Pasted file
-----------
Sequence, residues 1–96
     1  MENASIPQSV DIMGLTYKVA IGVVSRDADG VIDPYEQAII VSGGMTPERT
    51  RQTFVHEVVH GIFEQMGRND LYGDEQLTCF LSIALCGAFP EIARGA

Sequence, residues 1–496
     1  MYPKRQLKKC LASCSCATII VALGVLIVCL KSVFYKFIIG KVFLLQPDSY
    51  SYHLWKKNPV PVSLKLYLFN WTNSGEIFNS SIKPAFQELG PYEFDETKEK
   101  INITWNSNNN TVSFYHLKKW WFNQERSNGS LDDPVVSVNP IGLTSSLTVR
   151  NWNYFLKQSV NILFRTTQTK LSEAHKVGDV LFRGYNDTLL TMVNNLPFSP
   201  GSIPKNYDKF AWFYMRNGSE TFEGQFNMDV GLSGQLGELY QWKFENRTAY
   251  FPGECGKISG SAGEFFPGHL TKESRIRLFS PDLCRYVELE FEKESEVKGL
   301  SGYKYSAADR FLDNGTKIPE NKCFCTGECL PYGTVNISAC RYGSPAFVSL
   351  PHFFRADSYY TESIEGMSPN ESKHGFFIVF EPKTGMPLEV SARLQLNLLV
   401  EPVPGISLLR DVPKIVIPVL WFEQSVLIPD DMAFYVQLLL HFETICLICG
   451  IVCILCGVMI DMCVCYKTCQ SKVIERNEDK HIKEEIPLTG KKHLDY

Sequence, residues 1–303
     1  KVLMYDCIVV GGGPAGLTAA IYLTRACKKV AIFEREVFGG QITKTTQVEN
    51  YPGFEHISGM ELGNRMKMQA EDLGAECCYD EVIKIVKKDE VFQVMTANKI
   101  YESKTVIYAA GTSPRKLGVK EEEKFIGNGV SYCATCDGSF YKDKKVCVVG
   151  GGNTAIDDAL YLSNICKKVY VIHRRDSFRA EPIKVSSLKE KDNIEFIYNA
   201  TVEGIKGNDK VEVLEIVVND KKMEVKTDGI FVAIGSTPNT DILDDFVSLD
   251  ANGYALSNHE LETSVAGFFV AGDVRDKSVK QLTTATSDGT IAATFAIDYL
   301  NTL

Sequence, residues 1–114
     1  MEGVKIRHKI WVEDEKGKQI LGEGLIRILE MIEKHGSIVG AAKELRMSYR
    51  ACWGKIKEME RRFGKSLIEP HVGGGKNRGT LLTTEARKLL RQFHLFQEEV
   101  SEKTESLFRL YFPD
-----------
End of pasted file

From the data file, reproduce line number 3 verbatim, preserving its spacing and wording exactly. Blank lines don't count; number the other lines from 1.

    51  RQTFVHEVVH GIFEQMGRND LYGDEQLTCF LSIALCGAFP EIARGA